RENEE MONTAGNE, HOST:
And now this - a 19-year-old college freshman played her first game yesterday for a tiny, Division III college in Cincinnati. That's not usually big news, but Lauren Hill's medical condition and her struggle through it brought that game and her team national attention. NPR's Sam Sanders has the story.
SAM SANDERS, BYLINE: So many people wanted to see Lauren Hill play that her school, Mount St. Joseph University, had to move the game from its 2,000-seat venue to another one in town that seats 10,000. The game still sold out. The crowd went wild just after Lauren Hill's first basket right as the game began.
SANDERS: Hill's Coach, Dan Benjamin, had even gone over this moment with her.
DAN BENJAMIN: What are we going to do after you make the first bucket? Call a timeout to celebrate? Or are we going to run back on D? She looked at me, and she said, coach, we're going to call a timeout and celebrate.
SANDERS: Why all this attention? Well, Lauren Hill has a very deadly rare form of brain cancer. She was diagnosed in her senior year of high school just over a month after she signed on to play at Mount St. Joseph's. Lauren has a brain tumor about the size of a lemon. Doctors expect her to die before the new year. The NCAA allowed this game to be played two weeks early because of her condition. One of Lauren Hill's dying wishes was to play college basketball, another wish - raising awareness about her disease and money to fight it.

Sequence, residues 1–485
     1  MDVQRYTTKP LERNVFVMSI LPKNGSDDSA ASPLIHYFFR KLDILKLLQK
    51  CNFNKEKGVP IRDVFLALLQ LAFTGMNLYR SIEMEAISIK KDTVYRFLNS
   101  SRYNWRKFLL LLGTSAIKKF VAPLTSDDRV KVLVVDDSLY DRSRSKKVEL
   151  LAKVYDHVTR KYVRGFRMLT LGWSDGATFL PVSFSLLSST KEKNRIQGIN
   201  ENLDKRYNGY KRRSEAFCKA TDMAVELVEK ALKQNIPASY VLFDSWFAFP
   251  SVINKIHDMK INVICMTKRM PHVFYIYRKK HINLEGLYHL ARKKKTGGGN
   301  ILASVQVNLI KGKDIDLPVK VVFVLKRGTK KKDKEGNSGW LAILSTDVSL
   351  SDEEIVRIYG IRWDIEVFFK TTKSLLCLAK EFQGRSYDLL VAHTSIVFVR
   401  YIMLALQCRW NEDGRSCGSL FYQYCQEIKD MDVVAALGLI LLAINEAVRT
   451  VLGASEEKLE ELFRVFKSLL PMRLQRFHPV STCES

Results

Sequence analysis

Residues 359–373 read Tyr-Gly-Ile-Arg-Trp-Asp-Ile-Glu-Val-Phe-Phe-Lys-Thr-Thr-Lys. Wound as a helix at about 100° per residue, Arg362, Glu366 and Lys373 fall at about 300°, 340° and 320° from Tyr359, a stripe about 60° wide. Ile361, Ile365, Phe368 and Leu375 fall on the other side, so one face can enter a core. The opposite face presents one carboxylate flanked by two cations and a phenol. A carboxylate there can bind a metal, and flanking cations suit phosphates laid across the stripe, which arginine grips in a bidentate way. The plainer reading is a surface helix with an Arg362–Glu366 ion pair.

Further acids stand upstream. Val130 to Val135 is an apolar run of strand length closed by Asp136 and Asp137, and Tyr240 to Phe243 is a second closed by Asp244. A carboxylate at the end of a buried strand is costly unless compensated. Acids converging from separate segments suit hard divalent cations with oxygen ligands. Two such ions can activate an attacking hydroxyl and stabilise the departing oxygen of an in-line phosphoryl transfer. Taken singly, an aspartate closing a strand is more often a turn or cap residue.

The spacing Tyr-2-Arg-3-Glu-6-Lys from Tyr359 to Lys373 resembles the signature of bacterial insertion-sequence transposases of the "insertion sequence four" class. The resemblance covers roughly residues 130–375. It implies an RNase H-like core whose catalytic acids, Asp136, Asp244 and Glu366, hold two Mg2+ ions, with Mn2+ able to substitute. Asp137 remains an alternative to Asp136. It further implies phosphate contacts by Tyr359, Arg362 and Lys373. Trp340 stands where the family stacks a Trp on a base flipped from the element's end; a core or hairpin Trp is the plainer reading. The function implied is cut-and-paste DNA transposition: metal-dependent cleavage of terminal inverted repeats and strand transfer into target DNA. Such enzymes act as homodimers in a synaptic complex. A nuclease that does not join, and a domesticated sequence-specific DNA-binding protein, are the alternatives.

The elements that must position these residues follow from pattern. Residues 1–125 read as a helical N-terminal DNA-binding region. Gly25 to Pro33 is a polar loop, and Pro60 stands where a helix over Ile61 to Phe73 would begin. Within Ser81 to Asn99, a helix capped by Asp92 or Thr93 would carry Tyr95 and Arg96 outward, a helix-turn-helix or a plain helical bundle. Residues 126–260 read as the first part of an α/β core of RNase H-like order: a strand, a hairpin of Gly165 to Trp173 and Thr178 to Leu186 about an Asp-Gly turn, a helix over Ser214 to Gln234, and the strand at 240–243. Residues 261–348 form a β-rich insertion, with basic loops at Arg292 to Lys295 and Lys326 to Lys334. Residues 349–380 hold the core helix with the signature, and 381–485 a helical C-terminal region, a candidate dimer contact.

KEITH DESSERICH: She wanted to fight. She wanted to be fearless. She wanted to win the battle, and she wanted to make sure that no child ever has to go through what she's going through here today.
SANDERS: Keith Desserich runs a charity called The Cure Starts Now. It's dedicated to raising research funds to fight the exact type of cancer Lauren Hill has. Desserich says she's become a voice for other children who have suffered with this disease not been heard. Lauren's tumor leaves her disoriented during play. She gets tired a lot. She's even begun shooting with her non-dominant hand, but she said during the game that she's OK.
LAUREN HILL: I knew that, you know, when I was starting this with this, it's a challenge. It's a really big challenge, but I decided to face it.
SANDERS: After Hill and her teammates celebrated her first shot, after the crowd of 10,000 chanted Lauren Hill's name, she told Brad Johansen what it all felt like. He's with the local TV news station WKRC.
(SOUNDBITE OF ARCHIVED RECORDING)
BRAD JOHANSEN: How good does this feel?
HILL: I've never felt so good in my entire life.
SANDERS: The team's next game is three weeks from now. Lauren's coach is not sure if she will play, but Hill would not call yesterday's game her last.
HILL: Let's not call it my last game. This is my first collegiate game.
SANDERS: Hill said she'll keep playing if she can. She says she's just taking things moment by moment. That's a pretty good strategy on the court and off.
NPR transcripts are created on a rush deadline by Verb8tm, Inc., an NPR contractor, and produced using a proprietary transcription process developed with NPR. This text may not be in its final form and may be updated or revised in the future. Accuracy and availability may vary. The authoritative record of NPR’s programming is the audio record.